Rarely does one graphic so clearly illustrate the relationship between policy decisions and recruiting success.

These data, drawn from the Stamats annual Adult StudentsTALK™ study, were gathered from adult and graduate student marketing and recruiting professionals in response to: What challenges do you face in recruiting adult and/graduate students?

As you can see, answers have implications for 32,000-foot policy issues as well as in-the-trenches recruiting issues.

5 High-Altitude Policy Issues

Let’s tackle the high-altitude policy issues first:

  1. Offering preferred course times
  2. Offering preferred delivery modes
  3. Providing support services
  4. Providing programs that are in demand
  5. Reviewing prior credits

The difficult reality is that decisions around these issues directly impact the overall success rate of in-the-trenches recruiting efforts. When “product” decisions like these are made with adult undergraduate and graduate students in mind, the recruiting process is much easier. At the same time, poor high-altitude decisions often result in a series of insurmountable issues for even the best marketers and recruiters.

Download the 2019 Adult StudentsTALK™ Primer eBook

The solution is logical: Include marketing and admissions professionals in decisions related to product, price, and place issues. Their voices at the big table will help policy makers understand not only the importance of student-centric decisions, but also the high cost of poor—or no—decisions.

Issues Related to Cost

One particularly problematic and entrenched policy issue relates to cost. Everyone recognizes that college costs money. We also know that many individuals and families simply have not (or could not have) saved for college. Colleges must charge something, and for individuals with few or no resources, almost any cost is too high.

There are two ways to address the cost issue.

  • First, make a commitment to non-loan-based aid. This is another high-altitude decision that has direct impact on the day to day.
  • Second, make it an institutional priority to gather and share student/alumni outcome and success data. If prospective students can clearly see that the degree or program will lead to career opportunities and higher salaries, they are more likely to incur reasonable debt.

These solutions require institutional resources (i.e., staff time), but it also requires institutional will—the desire and ongoing fortitude to collect the stories and the data. Again, this is a high-altitude decision.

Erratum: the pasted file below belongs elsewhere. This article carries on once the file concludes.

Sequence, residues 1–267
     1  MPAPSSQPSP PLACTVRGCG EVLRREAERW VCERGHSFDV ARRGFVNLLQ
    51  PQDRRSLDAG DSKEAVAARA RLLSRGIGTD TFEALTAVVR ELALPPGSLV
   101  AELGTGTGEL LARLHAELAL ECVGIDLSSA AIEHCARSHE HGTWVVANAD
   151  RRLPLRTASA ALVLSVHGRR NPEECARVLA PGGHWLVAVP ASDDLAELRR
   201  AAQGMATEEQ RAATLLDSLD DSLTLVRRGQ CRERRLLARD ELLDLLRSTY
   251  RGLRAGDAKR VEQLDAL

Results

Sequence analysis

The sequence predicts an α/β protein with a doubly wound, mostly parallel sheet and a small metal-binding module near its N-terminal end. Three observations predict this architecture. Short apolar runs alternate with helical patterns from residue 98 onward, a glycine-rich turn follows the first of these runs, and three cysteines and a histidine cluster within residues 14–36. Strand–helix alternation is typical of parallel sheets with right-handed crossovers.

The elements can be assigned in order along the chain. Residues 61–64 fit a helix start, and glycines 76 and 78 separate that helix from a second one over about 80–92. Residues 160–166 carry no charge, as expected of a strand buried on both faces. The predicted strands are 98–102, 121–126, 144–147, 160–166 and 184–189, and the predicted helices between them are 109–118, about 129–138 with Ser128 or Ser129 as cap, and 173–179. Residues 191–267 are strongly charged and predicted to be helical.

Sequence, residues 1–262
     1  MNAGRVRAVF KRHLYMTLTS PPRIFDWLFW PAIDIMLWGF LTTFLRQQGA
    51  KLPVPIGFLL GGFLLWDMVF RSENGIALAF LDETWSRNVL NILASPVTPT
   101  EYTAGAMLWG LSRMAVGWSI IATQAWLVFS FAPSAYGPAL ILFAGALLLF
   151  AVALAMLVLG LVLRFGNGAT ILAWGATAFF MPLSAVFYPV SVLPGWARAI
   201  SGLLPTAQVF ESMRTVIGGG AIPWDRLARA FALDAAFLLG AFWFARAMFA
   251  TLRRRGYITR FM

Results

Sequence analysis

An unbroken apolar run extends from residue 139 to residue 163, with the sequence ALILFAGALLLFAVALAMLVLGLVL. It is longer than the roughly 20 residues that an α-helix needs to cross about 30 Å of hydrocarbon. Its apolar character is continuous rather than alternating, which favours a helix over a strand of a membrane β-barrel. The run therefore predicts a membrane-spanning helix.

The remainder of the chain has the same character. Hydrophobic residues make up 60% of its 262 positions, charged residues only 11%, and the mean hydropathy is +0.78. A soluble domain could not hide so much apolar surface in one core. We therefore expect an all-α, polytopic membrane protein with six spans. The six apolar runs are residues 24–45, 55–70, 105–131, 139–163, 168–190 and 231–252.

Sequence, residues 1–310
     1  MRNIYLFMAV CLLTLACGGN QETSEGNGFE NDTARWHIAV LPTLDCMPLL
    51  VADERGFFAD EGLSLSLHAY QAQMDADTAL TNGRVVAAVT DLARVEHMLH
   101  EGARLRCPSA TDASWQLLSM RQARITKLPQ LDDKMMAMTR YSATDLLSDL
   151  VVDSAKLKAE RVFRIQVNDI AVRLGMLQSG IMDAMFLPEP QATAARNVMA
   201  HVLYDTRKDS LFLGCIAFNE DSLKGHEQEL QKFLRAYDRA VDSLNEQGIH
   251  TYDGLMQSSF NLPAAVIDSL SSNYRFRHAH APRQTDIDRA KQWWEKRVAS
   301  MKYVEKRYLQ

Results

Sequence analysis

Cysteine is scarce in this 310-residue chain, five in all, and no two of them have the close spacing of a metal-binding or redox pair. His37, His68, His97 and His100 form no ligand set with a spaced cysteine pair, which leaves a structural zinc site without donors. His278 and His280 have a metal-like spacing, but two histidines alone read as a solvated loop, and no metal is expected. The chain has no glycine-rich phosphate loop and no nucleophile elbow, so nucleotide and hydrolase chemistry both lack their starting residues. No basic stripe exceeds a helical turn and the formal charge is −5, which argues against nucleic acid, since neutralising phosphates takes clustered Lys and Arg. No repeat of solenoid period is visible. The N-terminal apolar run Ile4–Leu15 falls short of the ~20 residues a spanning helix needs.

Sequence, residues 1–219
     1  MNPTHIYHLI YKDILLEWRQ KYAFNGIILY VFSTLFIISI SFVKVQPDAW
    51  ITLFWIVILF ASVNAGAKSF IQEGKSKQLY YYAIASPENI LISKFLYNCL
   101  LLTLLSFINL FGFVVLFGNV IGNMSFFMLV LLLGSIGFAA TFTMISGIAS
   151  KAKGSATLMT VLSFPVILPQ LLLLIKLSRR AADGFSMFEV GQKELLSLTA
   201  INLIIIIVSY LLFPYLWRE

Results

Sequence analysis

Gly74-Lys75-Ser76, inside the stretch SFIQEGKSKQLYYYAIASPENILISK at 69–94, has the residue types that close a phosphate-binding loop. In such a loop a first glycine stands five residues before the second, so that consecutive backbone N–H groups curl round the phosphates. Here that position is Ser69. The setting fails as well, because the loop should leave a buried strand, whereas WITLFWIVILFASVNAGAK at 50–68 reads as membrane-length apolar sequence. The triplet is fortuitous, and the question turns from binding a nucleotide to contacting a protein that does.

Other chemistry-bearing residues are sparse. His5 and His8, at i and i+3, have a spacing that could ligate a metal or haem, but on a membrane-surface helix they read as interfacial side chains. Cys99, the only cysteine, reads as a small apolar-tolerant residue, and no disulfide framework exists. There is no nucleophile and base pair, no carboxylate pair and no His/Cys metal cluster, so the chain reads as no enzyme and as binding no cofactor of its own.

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Using data lands more squarely on the shoulders of the marketing and recruiting teams. They must effectively package content marketing stories, testimonials, and hard data to enhance communication and advance the overall value proposition. We can’t discount the “voice” of value either. The credibility of a current or former student making the case for value is so much stronger and more effective than an administrator.

Adult-Student and Market-Centric Lead Generation

A nearly ubiquitous challenge voiced by marketing and admissions professionals is generating leads. This challenge, too, is directly related to decisions that are made at the policy level.

When organizations make poor program and delivery-mode decisions, generating leads for inadequate and unmarketable offerings will be that much more difficult. Students and alumni share horror stories rather than success stories. Competitors who cater offerings to nontraditional student needs dominate the market.

Related: Lead Generation: Creating Demand for Your Academic Programs

At the same time, if adult-student and market-centric decisions are made about programs and delivery modes, then the buzz will be both positive and persistent. Potential students will seek you out, making lead generation less onerous.

We call this creation of demand not lead generation, but demand generation.

Lead generation might not be a novel issue, but it is a persistent one. I believe many recruiting challenges result from poor product decisions. In-demand programs offered at the right time and place will, more often than not, mitigate many of the marketing and recruiting difficulties. Making this happen, however, will require that policy makers, marketers, and recruiters work together.

 

Are you ready to launch a demand gen program? Take our demand generation readiness survey.

To learn more about demand generation, contact Randy Burge, vice president at Stamats.

 

Read next: The Missed Opportunities of Ignoring Community College Transfers

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